I was interested to hear that John Gray considers liberal democracy to have arisen from the western form of Christianity. This, of course, is Tom Holland’s thesis. I was somewhat sceptical, but if JG shares this belief then perhaps it is correct.

Mark Corby
Mark Corby
1 year ago
Reply to  Fraser Bailey

Democracy was far more prevalent in the Ancient World, at all levels, than JG gives credit for.

Holland also studiously avoids the topic, despite the wealth of evidence available. Christianity has far more in common with the Late Roman autocratic state than with anything else. This is hardly surprising as by the actions of Constantine , Theodosius and others, they created it ‘in their own image’: very,very, nasty.

Fraser Bailey
Fraser Bailey
1 year ago
Reply to  Mark Corby

Yes, I’m aware that there are those who say that Christianity is not all it’s cracked up to be.
(Well, all religion is bonkers in my view). And I once read a serious history book which blamed Christianity for the rise in ‘top down’ systems of government in the Middle Ages. Actually, I am increasingly in agreement with Julian Cope, who believes that first the Romans and then the Christians ruined Britain, which had been going along quite happily building stone circles and, perhaps, worshipping the sun, or something like that.

Mark Corby
Mark Corby
1 year ago
Reply to  Fraser Bailey

Julian Cope is rather similar to the late Terry Jones. A natural anarchist, and there is a lot to be said for that.

The only problem was that besides building impressive stone circles, and probably imbibing ‘magic’ mushrooms, on an industrial scale, a large number of human heads seem to have been cut off!

akcita
akcita
1 year ago

Fantastic Interview. I appreciate an unvarnished view of events with the perspective of history. It is a shame so many others merely push a narrative or an agenda.
Terrific Job.

John Threadgold
John Threadgold
1 year ago

UnScene?

Jeffrey Shaw
Jeffrey Shaw
1 year ago

Excellent review Mr. Gray. I shall seek out this film, but I am shocked that Netflix would allow the broadcast of something so enlightening.

J D
J D
1 year ago
Reply to  Jeffrey Shaw

That was the first thing I thought. Netflix is normally far too woke.

Steve Gwynne
Steve Gwynne
1 year ago

It could be argued that British manners emerged from the Common Law ethics of causing no harm, loss or damage to others. That is, do not unnecessarily intrude and impose yourself into the personal and private space of others.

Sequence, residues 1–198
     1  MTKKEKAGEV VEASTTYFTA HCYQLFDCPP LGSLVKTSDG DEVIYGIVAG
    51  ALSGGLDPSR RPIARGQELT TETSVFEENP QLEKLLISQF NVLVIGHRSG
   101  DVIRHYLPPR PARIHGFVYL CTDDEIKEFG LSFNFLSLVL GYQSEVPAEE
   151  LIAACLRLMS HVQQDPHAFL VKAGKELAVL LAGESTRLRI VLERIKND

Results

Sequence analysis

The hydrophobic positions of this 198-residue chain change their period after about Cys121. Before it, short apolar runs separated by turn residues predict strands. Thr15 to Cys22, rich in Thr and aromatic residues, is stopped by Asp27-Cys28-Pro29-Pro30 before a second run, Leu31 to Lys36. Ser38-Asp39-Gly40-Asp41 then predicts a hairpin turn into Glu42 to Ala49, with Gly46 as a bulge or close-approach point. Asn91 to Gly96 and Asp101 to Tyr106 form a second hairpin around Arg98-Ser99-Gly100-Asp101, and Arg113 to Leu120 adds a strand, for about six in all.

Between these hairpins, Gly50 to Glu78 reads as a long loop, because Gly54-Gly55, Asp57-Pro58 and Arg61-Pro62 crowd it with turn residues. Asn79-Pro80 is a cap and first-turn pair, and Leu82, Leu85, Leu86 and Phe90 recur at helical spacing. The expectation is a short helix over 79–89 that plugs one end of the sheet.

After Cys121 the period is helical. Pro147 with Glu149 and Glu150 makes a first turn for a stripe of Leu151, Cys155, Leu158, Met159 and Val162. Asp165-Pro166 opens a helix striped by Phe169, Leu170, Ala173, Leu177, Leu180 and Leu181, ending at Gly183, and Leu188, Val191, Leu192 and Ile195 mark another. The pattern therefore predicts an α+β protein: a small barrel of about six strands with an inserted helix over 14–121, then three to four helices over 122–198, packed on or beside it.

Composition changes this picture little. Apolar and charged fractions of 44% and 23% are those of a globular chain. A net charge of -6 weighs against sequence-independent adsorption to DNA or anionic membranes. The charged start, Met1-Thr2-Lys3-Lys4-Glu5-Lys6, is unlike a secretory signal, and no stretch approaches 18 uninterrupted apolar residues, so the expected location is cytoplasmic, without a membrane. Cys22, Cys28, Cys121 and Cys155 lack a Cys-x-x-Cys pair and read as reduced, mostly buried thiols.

The emphasis here is of course, personal space, so rather than having to constantly defend it from intrusion by others, we have the time and energy to listen and respect other people’s personal space. In this respect, manners are a collective form of defence which if accepted as the consensus, allow us much more freedom to think and feel as we really are.

This goes to the same with respecting roles. By utilising a collective form of defence, people can play their roles more effectively because they aren’t losing energy trying to defend constant personal attacks.

This is where woke liberalism comes in. It seeks to attack under the pretext of Progress and manners are therefore derided as they are a natural obstacle to attacks. Hence, labels like authoritarian or fascist or any other control word are actively seeking to undermine and soften natural defences in order to attack.

This is of course, sociopathy and liberalism more than any other personal ideology is an active facilitator of sociopathy. As such, the notion that liberalism is the ideology by which individuals can attain self realisation and enlightenment is unfortunately false since liberalism is in general heaven for the human ego.

If a person is truly seeking enlightenment, then they know, or should know, that it is the ritual of manners and right action that facilitates self realisation, not soliptic hedonism. Why, because as Niall astutely explains, good manners tempers the ego.

Is our British manners the reason for British exceptionalism and the reason for our historical ingenuity and successes. Because our manners doesn’t let the ego get too much in the way. And so therefore is it the case that the increasing British decline is because we are rapidly losing the art and science of manners. I certainly think so.

Andrew Baldwin
Andrew Baldwin
1 year ago